The hazards of sea currents cannot be stressed too strongly at this time of year.
Many will have read about the near-tragedy described in the Weekend Herald and found it a valuable reminder of how wary swimmers and boaties need to be.
Jesse Drake, of Titirangi, was out on the Manukau Harbour in his new 7m boat with his 5-year-old son, Taten. He anchored at the edge of a channel 800m of Cornwallis Beach, planning to start fishing. The boy took off his lifejacket to use the on-board toilet and when he returned he tumbled off the back of the boat.
His father dived in to rescue him but once his son was in his arms the current had carried them 10m from the boat and swimming as hard as he could in the circumstances, Drake soon realised the wind and current would prevent him getting them back to the boat. He had strength of mind, fortunately, to give up the attempt, conserve his physical strength and go with the current.
What followed was a 40-minute nightmare in freezing water, trying his utmost to keep the terrified child calm and keep both their heads above water. The boy was unconscious by the time Drake managed to attract the attention of kayakers and they were taken to the shore. The child was rushed to hospital by the Westpac rescue helicopter and his life was saved.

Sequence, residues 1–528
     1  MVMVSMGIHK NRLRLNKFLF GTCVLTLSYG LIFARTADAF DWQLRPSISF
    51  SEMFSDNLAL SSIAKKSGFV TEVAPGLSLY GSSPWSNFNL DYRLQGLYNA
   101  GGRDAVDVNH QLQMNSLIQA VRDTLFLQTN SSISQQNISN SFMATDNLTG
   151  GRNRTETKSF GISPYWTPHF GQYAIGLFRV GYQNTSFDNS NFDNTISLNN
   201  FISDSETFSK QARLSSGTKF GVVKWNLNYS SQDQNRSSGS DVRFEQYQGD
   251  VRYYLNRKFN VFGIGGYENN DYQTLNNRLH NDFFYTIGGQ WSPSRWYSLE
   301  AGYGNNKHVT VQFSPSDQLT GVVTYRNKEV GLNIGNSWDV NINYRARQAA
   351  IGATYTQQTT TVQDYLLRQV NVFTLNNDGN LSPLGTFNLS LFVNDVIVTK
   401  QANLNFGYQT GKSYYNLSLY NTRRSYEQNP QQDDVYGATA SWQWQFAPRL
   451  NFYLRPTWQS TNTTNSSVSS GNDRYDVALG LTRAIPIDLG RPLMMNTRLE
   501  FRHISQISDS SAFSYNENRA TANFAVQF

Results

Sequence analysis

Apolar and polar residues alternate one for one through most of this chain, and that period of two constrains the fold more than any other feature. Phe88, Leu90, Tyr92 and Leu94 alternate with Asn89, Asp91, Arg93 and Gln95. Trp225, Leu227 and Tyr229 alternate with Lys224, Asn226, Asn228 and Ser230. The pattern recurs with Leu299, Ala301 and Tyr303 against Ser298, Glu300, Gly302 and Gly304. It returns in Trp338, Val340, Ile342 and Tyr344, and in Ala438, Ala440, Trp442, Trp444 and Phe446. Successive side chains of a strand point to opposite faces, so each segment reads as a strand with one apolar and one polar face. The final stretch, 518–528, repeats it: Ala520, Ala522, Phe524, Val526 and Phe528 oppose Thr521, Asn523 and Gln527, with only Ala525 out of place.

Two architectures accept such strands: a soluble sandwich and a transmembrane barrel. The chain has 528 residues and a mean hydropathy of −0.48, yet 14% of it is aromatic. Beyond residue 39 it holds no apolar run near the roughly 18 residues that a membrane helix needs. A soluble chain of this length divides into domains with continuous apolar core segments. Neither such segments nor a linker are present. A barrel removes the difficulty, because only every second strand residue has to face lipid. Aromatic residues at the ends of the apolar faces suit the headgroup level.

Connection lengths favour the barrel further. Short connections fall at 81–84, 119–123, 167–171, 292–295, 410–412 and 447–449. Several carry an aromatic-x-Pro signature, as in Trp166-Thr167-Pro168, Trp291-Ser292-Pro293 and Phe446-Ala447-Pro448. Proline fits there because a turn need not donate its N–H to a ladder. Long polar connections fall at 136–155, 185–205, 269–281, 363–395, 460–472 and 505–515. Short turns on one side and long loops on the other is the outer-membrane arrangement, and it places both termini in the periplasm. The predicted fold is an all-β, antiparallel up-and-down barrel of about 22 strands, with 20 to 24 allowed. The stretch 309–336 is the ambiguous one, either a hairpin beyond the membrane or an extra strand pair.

Their lucky escape carries many lessons, not least the risks of taking off a lifejacket, even briefly for a good reason. But it is also a useful illustration of how dangerous even a slight current can be. Sea currents are not like the flow of a river, they are not always obvious from an anchored boat on a sunny day in calm water not far from shore.
It might not be until the holidaymaker has dived off the boat, enjoyed a swim and decides to return to the boat that the impossibility becomes apparent. At that point, another hazard comes into play. Jesse Drake, an experienced diver and boatie, did not try to fight the current for too long. Many would not have his mental control.
Everyone has heard or read the water safety advice that when caught in a rip you should raise your hand for help and go with the flow rather than fight it. But that is easier to say than to do. The beach or the boat seems not far away, the natural human urge is to try your utmost to reach it. You swim for all you are worth, you think you have the strength, you give it everything you have and you look up to find you are no closer.
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You panic. You know you have to control your mind now, it's not easy. You have to tell yourself that your own mind is now the greatest threat to your life. If you can stay calm, stay afloat and drift, you can survive. If you panic and exhaust your strength, you probably will not.
Drownings at beaches around New Zealand are almost a daily occurrence in the summer holidays. The sun is shining, the water is warm, the sea looks calm. But be always aware of the current and no matter how gently it seems to be moving you, take care. And if it gets the better of you, keep your head.